I hate to depress you further about our finest financial brains, but this isn't a small problem. Wall Street doesn't have to report these numbers until its fiscal years starting after Nov. 15; so few banks have yet disclosed the amount of Level 3 assets in their balance sheet.
I would think they would be forced to do so in their first quarter results, typically the period that ends either Feb. 28 or March 31. However, Goldman Sachs, in the midst of preening itself about its remarkable write-off-free third quarter, disclosed its Level 3 assets: $72 billion. True that's only 8% of Goldman's assets. But it is twice the investment bank's total capital of $36 billion.
Do you see where I'm headed with this? Not all Goldman Sachs' Level 3 assets are subprime mortgages, of course. But not all Nomura's mortgage assets were subprime mortgages, either. In fact, it was only 27%. Yet Nomura, to exit the business, wrote off 28% of mortgage assets, more than its entire subprime exposure. If Goldman Sachs is forced into pessimism, it too may have to write off 28% of the value of Level 3 assets, or even more. That would give Goldman a write-off of slightly more than $20 billion – or more than half its capital. Of course the Fed and all the other big banks would rally ‘round – to avoid a banking-system collapse – meaning Goldman would probably survive. But you wouldn't want to be a shareholder.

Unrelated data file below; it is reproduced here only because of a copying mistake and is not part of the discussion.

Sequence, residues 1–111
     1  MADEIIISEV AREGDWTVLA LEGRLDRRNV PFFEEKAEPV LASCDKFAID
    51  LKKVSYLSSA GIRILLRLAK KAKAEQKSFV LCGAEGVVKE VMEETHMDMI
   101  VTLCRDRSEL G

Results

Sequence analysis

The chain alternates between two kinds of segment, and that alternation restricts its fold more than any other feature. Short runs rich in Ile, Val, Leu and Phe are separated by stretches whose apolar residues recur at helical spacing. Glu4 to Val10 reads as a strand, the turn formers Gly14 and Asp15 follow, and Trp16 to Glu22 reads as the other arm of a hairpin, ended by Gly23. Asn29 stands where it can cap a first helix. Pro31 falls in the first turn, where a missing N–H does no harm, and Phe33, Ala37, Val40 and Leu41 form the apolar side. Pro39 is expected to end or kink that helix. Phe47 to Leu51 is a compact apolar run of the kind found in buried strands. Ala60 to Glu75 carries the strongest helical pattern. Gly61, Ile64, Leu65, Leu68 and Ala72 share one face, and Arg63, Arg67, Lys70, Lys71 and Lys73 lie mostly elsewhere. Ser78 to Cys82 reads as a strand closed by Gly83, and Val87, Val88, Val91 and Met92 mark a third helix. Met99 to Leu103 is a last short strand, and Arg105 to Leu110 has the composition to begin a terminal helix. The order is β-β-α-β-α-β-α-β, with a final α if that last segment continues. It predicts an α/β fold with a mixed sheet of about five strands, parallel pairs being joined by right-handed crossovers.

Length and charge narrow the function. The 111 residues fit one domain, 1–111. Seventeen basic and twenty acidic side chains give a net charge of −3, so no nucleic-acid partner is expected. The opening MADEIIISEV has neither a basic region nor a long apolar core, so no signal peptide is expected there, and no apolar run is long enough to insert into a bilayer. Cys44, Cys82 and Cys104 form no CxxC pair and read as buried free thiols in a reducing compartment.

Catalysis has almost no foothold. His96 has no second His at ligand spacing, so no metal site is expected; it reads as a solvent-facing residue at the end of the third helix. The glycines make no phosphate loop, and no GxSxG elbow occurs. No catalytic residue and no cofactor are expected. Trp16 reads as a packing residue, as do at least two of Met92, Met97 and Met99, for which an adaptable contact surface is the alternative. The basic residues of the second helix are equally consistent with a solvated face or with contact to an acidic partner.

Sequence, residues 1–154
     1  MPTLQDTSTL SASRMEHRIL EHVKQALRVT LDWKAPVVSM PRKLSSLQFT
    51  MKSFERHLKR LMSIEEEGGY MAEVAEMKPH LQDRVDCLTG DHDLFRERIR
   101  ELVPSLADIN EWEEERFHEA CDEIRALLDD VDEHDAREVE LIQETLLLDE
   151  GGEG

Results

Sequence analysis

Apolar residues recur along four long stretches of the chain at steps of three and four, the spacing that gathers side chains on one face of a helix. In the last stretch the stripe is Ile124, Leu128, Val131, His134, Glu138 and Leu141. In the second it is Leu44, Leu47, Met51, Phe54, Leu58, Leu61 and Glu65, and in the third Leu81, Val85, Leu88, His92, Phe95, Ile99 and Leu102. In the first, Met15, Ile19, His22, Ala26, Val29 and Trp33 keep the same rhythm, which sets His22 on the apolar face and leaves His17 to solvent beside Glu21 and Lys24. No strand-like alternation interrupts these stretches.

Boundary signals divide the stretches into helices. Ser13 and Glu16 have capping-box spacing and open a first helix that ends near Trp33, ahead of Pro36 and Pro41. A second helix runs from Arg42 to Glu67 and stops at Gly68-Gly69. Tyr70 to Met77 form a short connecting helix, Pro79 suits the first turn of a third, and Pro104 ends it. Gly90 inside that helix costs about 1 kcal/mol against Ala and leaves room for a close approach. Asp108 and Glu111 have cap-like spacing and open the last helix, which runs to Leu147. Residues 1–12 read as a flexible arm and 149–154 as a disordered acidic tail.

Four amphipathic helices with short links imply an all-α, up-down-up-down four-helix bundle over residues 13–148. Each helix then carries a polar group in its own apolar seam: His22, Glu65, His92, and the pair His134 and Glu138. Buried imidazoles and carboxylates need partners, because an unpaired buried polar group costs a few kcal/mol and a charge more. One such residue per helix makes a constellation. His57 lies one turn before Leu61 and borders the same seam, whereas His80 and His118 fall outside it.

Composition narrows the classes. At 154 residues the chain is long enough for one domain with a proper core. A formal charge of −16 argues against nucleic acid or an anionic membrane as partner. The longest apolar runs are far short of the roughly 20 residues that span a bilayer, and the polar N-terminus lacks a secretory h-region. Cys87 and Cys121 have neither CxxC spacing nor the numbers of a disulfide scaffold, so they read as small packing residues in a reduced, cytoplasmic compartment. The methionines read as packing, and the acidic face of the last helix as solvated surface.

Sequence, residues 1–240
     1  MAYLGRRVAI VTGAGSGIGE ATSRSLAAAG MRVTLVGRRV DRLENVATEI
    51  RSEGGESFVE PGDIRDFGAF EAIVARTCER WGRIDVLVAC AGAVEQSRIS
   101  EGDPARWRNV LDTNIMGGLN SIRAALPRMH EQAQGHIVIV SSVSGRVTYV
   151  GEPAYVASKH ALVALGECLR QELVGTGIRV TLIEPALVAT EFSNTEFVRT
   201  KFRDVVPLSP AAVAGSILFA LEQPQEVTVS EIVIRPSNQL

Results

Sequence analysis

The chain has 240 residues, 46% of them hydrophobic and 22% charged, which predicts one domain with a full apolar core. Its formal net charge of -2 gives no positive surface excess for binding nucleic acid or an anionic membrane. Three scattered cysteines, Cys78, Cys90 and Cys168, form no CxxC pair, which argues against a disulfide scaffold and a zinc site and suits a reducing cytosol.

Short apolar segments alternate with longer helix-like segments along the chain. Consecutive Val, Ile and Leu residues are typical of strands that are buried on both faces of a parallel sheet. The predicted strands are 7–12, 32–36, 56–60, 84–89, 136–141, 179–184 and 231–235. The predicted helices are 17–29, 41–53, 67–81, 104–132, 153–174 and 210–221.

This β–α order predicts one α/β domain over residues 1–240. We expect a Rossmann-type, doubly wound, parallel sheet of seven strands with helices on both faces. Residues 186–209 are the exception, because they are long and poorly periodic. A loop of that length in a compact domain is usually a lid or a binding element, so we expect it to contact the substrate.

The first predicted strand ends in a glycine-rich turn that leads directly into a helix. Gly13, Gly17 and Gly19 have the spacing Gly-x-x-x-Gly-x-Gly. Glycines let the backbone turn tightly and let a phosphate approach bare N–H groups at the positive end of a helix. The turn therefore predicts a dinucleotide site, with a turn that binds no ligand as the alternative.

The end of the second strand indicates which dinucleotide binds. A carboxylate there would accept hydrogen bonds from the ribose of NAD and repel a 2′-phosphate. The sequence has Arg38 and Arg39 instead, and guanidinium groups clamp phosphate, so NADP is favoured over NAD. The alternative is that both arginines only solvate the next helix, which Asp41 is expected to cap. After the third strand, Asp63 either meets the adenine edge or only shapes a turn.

As other banking firms disclose their Level 3 assets, compare the total to the bank's asset figures. Banks with Level 3 assets that are 50% of capital and lower are probably sound. Any higher and it's probably time to sell. [At Goldman, Level 3 assets are 200% of capital].
Let Wall Street have its fantasies of wealth and sudden unexplained collapses, and put your money in markets and in businesses that don't have the right to "invent" values for their asset portfolios. That's true of the emerging markets, for instance, and especially those developing economies that are growing rapidly and that are highly liquid such as Korea and Taiwan, just to name a few. And in terms of developed markets that share the same fine financial characteristics, consider Nomura's home market of Japan.